Trevor EwenSoftware Developer & Investor

Software developer & investor. CEO at Southport Technology Group. Partner at Southport Ventures. MBA from London Business School, MBA from Columbia Business School.

Recent Answers

You'll want to target the side that has bigger pain as your entry point.

In addition, it's also worth considering a narrower subset in the "pain" category. One where you can imagine the onramp process.

An example would be airline reservation system (API). There are ticket buyers and customer service representatives. If you imagine the customer service representatives to have more pain (i.e. a poor experience and lack of features), then you would want to start with that side. A subset of the industry may be smaller regional or budget airlines. They may be incentivized to try something new based on cost concerns and a smaller overall footprint for their products.

You want to build a pain killer, not a vitamin:

One of the best ways to POC the service: I would sign up a few retailers and work through platforms like Upwork or Fiverr to get the job done. It will be time intensive, but the validation will be well worth the effort.

I've always been of the opinion that small business IT services is a very low barrier to entry. Just by virtue of being digital natives (not guaranteed, but likelier than older people), the young people probably have enough of the skills they need to get started.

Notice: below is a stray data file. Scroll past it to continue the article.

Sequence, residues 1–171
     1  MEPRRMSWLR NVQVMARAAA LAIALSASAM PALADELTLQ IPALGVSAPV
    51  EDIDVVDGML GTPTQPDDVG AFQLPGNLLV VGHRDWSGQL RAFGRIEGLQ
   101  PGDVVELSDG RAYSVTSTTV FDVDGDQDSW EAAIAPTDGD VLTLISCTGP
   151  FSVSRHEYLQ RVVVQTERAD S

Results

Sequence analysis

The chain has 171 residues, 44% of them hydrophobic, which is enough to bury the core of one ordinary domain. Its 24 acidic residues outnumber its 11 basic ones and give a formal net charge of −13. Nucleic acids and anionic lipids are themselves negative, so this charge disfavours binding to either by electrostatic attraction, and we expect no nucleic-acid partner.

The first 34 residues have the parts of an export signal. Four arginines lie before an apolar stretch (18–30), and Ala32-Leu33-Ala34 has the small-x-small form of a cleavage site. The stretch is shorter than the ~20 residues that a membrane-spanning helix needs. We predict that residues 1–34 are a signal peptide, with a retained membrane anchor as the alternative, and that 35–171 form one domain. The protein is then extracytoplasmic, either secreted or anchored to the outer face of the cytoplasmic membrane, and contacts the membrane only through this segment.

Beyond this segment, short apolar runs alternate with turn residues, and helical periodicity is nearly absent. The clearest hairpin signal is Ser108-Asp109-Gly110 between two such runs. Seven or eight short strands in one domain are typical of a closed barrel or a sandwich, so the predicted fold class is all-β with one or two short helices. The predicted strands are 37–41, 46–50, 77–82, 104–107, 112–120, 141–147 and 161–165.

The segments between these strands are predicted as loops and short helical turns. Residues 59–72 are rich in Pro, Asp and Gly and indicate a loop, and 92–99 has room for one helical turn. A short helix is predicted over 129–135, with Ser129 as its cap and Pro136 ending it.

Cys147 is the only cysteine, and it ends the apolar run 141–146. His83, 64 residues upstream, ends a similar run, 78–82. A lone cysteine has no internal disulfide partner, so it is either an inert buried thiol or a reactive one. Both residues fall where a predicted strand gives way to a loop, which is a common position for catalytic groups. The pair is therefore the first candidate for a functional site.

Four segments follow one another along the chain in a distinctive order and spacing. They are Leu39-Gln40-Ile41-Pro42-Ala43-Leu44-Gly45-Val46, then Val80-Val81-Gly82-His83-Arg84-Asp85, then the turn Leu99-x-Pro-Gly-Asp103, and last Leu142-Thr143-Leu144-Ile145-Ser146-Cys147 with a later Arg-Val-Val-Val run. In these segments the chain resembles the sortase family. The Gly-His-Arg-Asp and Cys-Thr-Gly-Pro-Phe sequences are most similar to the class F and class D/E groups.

There are still an uncomfortably high-level of small businesses (and non for profits) that have little to no help with IT services. Basic problems like making sure everyone can connect to the local printer, computers are running antivirus software, and everyone is viewing data with the most up to date browsers. I have been working with an adoption agency in my state, and they lack all the basics: their own domains, any notion of IT security, document sharing, etc.

Given your short timeline and large group, you would be well positioned to partner with small businesses and small non-for-profits in the community. It would make a big impact and produce achievable results. Larger IT projects are hard to get any progress in less than 6 months, even when you have experienced staff. The problems are BIG, and therefore require a lot of implementation and follow-on analysis.

I recommend committing yourself to a standard vetting process. There's nothing like a night of sleep to set you straight. Try to disprove the thesis. If you can't stop thinking about it after 60 days, you may be onto something.

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